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Regulation “Strengthening the H-1B Nonimmigrant Visa Classification Program” Eliminated

Under the Trump Administration, the Department of Homeland Security attempted to implement new regulations through an interim final rule (IFR), which would have revised the definition of the term “specialty occupation” and make other changes to the H-1B nonimmigrant program. The IFR was set to take effect December 7, 2020. A lawsuit in the U.S. District Court for the Northern District of California was filed against the DHS rule, and ultimately, the court vacated the regulation, preventing it from taking effect. In accordance with the court’s order, DHS has now issued a final rule that removes from the Code of Federal Regulations (CFR) the interim final rule. This final rule removes the regulatory text that DHS published in the vacated October 2020 IFR and restores the regulatory text to appear as it did before the October 2020 IFR was issued.

The vacated IFR would have: 

Amending the definition of “specialty occupation” to align with the statutory definition.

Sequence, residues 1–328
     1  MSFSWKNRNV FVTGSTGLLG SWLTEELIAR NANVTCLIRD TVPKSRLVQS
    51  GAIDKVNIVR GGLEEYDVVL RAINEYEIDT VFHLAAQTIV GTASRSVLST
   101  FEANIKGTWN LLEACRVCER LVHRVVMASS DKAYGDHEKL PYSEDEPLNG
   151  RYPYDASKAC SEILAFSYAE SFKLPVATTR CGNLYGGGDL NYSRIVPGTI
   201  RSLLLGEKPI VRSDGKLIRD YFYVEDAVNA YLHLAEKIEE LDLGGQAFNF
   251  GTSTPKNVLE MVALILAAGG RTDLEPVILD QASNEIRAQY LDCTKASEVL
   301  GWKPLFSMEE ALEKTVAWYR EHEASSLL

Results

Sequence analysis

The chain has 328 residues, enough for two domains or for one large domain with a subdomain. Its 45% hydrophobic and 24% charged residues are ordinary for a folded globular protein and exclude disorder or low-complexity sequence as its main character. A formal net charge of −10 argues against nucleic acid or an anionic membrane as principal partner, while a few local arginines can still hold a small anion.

Amending the criteria for specialty occupation positions. 

Defining “Worksite” and “Third Party Worksite.” 

Clarifying the definition of “United States Employer” 

Corroborating evidence of work in a specialty occupation. 

Maximum validity period for third-party placements. 

Written explanation for certain H-1B approvals. 

Revise the itinerary requirement for H-1B petitions. 

Site Visits.

Google, Apple and other technology giants claimed the restrictions would significantly interrupt business operations, forcing companies to terminate current employees and push business out of the U.S. The court found that DHS failed to demonstrate that the impact of the COVID-19 pandemic on domestic unemployment justified skirting the normal rulemaking process to make changes to the H-1B visa program.